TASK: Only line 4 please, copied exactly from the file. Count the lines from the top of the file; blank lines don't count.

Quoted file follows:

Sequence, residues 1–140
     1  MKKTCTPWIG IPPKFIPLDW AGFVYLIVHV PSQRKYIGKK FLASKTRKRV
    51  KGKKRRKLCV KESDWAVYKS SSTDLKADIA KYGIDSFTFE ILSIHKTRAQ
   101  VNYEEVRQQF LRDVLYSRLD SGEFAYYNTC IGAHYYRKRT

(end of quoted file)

   101  VNYEEVRQQF LRDVLYSRLD SGEFAYYNTC IGAHYYRKRT